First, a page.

Whether you're pounding away on the pedals or kicking back on a low intensity recovery ride you're always aware of your cockpit surroundings, handlebars, hands, legs and feet. In the glory days of the summertime everything around you is bursting out with life, with such extreme intensity. Bare arms and legs begin to gain colour, those winter miles now prove there worth as you drink in the sights and sounds you've longed for. When you glance down you see the machine-like movement your legs are making: the engine room in motion. For us there's a certain special relationship taking place, that change of angle where leg meets foot. It's celebrated by the sock, be it an intense pattern, an explosion of colour or just a combination of elements.

On a domestic level sock choice has always been a personal 'thing' - much maligned with the stigma of Christmas gifting but to the cyclist it's become an expressive format. Even the hallowed ground of sock height caused unrest within the cycling community. Started by the seven time dethroned Texan Lance Armstrong and further championed by Sir Brad Wiggins, the long cuff sock is state-of-the-art to many 'new generation' cyclists. Gone are the purity days when white ankle socks were the staple diet, cycling's high altar has been replaced by a technicolour revolution.

Our stance on this remains open minded, the tri-band intersection ranging from leg to sock to shoe remains as individual as any other major bike decision. We just love to see how riders embrace this relationship without being judgemental in any way. This said we do ride with a guy who sports white cotton towelling tennis socks - a really strong rider and extremely nice chap but someone needs to have a word with him on this front.

Apart from the demands of seasonal materials 'Sockology' is an all year round affair - the doors are wide open. Colour and pattern is there to brighten the bleakest of winter rides so go and embrace the revolution. Love your feet and they will love you back. Happy feet = happy riding.

What others say really counts

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Sometimes it's good to be questioned about what you do and why you do it. The voicing of an opinion gives one the opportunity to revisit/reassess the worth, the merits and ultimately the initial motivating force behind what you had set out to achieve.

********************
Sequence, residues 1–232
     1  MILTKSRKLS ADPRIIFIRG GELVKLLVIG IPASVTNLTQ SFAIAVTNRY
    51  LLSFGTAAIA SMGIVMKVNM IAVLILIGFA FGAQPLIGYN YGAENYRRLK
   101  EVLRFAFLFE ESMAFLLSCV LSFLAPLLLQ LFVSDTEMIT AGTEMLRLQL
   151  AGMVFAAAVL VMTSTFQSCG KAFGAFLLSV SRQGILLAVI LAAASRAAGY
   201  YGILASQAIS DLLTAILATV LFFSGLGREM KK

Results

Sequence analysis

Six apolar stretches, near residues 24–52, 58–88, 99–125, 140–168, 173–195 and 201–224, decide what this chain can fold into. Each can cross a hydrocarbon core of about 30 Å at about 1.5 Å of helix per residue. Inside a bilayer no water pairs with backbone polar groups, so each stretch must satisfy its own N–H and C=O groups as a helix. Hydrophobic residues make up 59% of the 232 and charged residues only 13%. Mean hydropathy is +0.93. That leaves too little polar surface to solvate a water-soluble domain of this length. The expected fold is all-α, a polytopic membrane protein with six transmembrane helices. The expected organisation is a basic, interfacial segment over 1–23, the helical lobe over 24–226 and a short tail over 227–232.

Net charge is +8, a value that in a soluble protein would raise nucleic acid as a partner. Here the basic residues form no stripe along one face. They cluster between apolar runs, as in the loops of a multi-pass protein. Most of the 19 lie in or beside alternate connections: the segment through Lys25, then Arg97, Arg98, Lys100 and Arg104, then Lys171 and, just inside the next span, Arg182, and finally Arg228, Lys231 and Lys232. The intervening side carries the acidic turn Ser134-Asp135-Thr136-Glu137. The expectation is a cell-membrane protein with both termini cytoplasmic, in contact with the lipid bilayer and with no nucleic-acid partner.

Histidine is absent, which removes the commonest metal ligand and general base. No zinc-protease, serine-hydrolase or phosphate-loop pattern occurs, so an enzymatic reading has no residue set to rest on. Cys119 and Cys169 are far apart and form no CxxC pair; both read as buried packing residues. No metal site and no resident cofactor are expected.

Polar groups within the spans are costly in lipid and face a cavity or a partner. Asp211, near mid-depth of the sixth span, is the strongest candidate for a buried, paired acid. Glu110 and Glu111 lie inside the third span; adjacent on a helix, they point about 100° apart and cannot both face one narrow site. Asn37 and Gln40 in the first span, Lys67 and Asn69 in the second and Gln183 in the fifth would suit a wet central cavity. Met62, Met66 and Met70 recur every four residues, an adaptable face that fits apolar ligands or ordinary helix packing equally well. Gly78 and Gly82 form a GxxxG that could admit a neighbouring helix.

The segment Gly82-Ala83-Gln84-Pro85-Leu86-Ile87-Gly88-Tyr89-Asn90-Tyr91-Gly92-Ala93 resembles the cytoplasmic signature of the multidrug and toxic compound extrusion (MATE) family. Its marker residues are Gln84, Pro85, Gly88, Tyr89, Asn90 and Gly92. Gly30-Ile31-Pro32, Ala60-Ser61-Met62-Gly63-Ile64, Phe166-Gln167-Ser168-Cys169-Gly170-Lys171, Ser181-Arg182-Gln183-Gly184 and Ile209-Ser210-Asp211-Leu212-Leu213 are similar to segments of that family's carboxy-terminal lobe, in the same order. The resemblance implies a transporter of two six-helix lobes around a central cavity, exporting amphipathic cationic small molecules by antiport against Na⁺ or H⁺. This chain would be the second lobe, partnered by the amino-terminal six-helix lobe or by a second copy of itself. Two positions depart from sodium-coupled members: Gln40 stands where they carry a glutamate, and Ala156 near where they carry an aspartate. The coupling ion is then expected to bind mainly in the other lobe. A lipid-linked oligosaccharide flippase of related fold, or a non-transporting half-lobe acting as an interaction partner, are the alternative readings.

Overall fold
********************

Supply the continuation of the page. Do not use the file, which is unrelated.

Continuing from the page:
Back in March 2013 when we launched Simpson it was based on the desire to communicate and share our love of cycling with other cyclists. Honesty and a sense of community inspired us to create a no bull***t publication about the sport we dearly love.

When Derby based creative content agency Crocstar got in touch wanting to interview us for their blog post we were, in all honesty, a tad hesitant. Things like this happened to more mainstream publications and not to us - but having discussed its merits we agreed it instinctively felt right. Crocstar's previous blog posts demonstrated a degree of both sensitivity and intregity that sat comfortably with us.

We would like to personally thank Crocstar's writer and content creator Shannon Watson for her crafted words they beautifully capture the essence of Simpson and all that it stands for - chapeau to you!



A material world: the resurgence of 80's music

For a post 90's generation bands like Tears For Fears, Depeche Mode, Joe Jackson and now even Devo are a foreign language, a mysterious entity locked into the bygone era of their parents. For those of us privileged to have grown up with the eclectic sounds of electronic music it's amusing not only to revisit such songs but to see how they are being presented to another generation.

It got us thinking, if we were to identify a song and associate it to us, which 80's song would it be? What could truly sum up Simpson, not only as a publication but as a whole philosophy? What would our choice be based on? Would we go down the well-trodden path of a cycling related song title i.e. Queen's 'I want to ride my bicycle' or should our search go deeper. 

Cycling like music is located in a place very close to our hearts (yes we'd better believe it - we are very passionate about both these subjects in our lives).  It's the beat, the rhythm that motivates us, a slow love song isn't for us. What sound would identify us, tie us in to what we do and believe in?

Kick against it as much as you like but musically the 80's was a hotbed of contrasting styles. Having gained inspiration from Big Country's album 'The Crossing' for our Romance of the Road feature in issue 11, we would look to Sheffield for our choice of soundtrack. Directly related to the manufacture of steel, Sheffield also produced a host of pioneering electronica bands like Cabaret Voltaire and The Human League.

Openly influenced by industrial sounds created by heavy machinery pounding raw materials that sounding out for miles from foundries working throughout the night. Our choice has to be The Human League 'Being Boiled' https://www.youtube.com/watch?v=oMhs8e12z_Q

The emotive power and rawness of this track remains ideal for turbo/roller/zwift workouts as well as staying in the mind on longer rides. It's a fitting cross over anthem to both the past and future.